“Hurrah for Iskander, Oh, Mighty King!” bellowed all the players, and they rushed off to wash for dinner. Except for the Spartan, face down and unconscious on the field.

Alexander and I linked arms and strolled through the crowd. The townspeople were in awe of him, and they stood back a respectful distance. The sun was going down, in a few hours the oxen would be cooked, and fragrant smoke from cooking fires tickled my nose. Someone offered us a cup of hard cider. It was steaming hot, spiced with cinnamon and sweetened with honey.

We thanked the man, whom I vaguely recognized as one of the cooks working in the army. Alexander knew his name, though, and the man turned bright red with pleasure when Alexander handed the cup back to him saying, “My thanks, Khrysbaz, your cider is better than any I’ve ever had.”

The hot drink had warmed my belly. I leaned my head on Alexander’s shoulder. “What are you thinking about?” I asked him, hearing a large sigh.

“Barsine. I’m worried. It was the sports that put her to mind. She always was one for organizing games.” He shook his head ruefully. “She alone nearly wiped out half my army when we camped near Persepolis.”

I smiled, remembering the very large, red-haired princess throwing her javelin straight through Plexis’s tent one afternoon. Plexis had been standing behind her. She’d done it on a dare. She’d also done it to drive home a point. She was telling Plexis to stay away from her husband. Plexis had turned a rather sickly shade of green and had gone to sit beneath a fig tree for a while.

Alexander turned to me and cupped my face in his hands. “Why is it you aren’t jealous of my other wives?” he asked me.

“Because I am the one with you,” I answered. “I would be jealous of anyone who took you away from me. Why ask me that now?”

He looked over my head towards the far mountains. “I don’t know. I was wondering, that’s all. I’m terribly jealous. I would kill anyone who tried to take you away from me.”

“Don’t say that,” I said, strangely affected by his words. “We love each other. For me, that’s all that matters.”

He brushed his thumbs across my lips. “I think that’s why I can’t do without you,” he said. “You don’t care about my conquests, my kingdom, or my power. You care about me, only about me. If I were a beggar you would still feel the same about me.”

“Because you would still be yourself,” I said gravely. “In your case, it’s not the crown that makes the man. You wouldn’t change if you were a king, or if you were a beggar. You are completely Alexander, no matter what.”

He kissed me, bringing a rush of heat to my belly. “I am Alexander, no matter what,” he agreed, and he laughed.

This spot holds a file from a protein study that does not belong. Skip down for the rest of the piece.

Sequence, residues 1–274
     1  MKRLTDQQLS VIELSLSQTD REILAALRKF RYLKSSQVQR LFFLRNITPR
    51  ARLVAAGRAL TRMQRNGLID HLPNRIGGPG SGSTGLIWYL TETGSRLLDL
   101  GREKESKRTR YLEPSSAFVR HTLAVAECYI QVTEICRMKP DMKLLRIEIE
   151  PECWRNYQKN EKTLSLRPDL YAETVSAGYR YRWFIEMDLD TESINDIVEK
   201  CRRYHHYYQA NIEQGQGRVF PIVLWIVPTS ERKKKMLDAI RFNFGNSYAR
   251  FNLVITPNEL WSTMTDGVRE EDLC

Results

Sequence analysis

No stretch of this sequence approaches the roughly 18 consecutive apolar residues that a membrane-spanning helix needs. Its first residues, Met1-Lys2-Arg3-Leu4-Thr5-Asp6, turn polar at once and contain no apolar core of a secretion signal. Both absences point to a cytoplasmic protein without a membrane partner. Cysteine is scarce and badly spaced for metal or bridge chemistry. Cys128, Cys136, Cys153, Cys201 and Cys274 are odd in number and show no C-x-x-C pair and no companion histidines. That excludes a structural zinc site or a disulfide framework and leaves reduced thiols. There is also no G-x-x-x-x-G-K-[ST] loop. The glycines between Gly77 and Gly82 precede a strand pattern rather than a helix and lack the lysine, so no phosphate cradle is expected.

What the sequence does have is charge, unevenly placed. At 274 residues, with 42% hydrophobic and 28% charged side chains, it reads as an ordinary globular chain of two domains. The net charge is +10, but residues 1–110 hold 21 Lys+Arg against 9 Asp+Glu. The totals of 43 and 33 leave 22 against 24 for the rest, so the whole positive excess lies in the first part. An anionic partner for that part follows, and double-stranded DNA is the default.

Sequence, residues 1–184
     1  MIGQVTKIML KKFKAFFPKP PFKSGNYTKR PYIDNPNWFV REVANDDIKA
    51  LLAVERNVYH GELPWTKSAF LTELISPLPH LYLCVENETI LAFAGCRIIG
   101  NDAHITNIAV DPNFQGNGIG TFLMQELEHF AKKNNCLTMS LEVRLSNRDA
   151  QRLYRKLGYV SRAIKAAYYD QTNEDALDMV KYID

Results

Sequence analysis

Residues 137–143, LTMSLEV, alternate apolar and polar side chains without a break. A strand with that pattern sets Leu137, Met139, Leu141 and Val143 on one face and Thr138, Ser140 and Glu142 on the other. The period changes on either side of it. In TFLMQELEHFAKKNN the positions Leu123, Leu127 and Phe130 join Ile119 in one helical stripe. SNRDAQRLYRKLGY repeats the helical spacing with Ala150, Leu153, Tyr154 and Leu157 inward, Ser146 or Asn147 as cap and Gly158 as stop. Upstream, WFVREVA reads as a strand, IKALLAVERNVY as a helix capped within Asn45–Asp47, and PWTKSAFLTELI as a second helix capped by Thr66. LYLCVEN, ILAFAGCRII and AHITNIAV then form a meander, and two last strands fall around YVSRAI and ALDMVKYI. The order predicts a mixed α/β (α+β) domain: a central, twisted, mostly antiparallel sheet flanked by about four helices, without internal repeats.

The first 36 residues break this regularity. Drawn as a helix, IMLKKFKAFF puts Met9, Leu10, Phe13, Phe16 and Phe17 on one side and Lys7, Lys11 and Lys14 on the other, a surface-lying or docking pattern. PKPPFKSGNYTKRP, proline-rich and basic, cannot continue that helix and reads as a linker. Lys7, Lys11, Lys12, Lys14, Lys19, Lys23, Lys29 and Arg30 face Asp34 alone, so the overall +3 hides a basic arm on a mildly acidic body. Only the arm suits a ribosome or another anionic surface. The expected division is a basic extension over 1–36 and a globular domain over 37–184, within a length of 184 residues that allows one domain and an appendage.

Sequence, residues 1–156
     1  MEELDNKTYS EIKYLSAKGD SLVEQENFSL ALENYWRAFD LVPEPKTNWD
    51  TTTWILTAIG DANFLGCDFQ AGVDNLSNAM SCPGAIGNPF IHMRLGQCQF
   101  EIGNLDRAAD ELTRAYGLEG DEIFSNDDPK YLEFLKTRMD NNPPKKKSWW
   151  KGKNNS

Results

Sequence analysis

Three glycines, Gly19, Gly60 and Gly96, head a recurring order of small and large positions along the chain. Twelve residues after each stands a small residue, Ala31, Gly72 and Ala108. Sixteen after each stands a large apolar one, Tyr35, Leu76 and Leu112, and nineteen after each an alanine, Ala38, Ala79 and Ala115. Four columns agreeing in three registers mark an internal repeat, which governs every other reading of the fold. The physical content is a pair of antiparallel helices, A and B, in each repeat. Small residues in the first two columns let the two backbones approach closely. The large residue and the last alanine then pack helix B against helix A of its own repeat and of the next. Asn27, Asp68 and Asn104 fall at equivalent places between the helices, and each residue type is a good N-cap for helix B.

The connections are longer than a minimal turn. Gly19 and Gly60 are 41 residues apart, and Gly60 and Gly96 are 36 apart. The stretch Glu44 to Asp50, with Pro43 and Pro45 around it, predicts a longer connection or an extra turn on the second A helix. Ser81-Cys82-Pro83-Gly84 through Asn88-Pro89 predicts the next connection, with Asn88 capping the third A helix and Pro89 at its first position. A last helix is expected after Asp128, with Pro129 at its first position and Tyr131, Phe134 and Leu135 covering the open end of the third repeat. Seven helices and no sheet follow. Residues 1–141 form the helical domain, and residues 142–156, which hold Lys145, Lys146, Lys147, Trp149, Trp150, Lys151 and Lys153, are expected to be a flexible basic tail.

The people around us turned at his laughter and smiled. He had a contagious, rich laugh, that overflowed like a child’s. I saw wonder in many faces. Alexander tossed his purple cape jauntily over my shoulders, covering us both in its purple swathe. “I want to ravish you here, in front of everyone, as we did at the ceremony of the fields.” He felt me stiffen and laughed louder. “You’re as pink as a carnation! Just look at you blush!” And he leaned closer and whispered a few things that turned my cheeks absolutely crimson.

We barely made it into the tent, and Axiom just had time to clear out before Alexander had my winter clothes strewn all over the floor.

“What’s this?” he’d cry, as another layer was uncovered. “You have more protection than my cavalry! What? Another shift? By the gods, woman, it’s like peeling an onion!”

After making love, we lay in a comfortable tangle on his bed. I was warm; Alexander’s body radiated more heat than the brazier standing nearby. Outside, the snow had begun to fall again. The farmers were overjoyed. To them, snow was a precious gift from the gods, and hardly a day went by that I didn’t find a present of some sort left  outside the tent. The people still thought I had something to do with the harvest goddess. Not that I minded. I loved finding a small wicker basket full of crisp red apples, with a light layer of snow like frosting on them, or a jug of hard cider, or a knit shawl.

About Jennifer Macaire

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Jennifer grew up in NY, Samoa and the USVI. She met her husband at the polo club in Paris. All that is true. But mostly she likes to make up stories.

You can follow Jennifer on Twitter and visit her blog, visit her Facebook page or find her on Instagram.

Social Media Don’ts for Authors, A Guest Post by Angela Clarke, Author of Trust Me

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I’m thrilled to be part of the launch celebrations for Trust Me, the third book in Angela Clarke’s social media thriller series.

Angela was kind enough to provide a guest blog earlier this year all about growing characters that you can read here. Today, in line with the social media theme of her books, Angela has some advice for authors.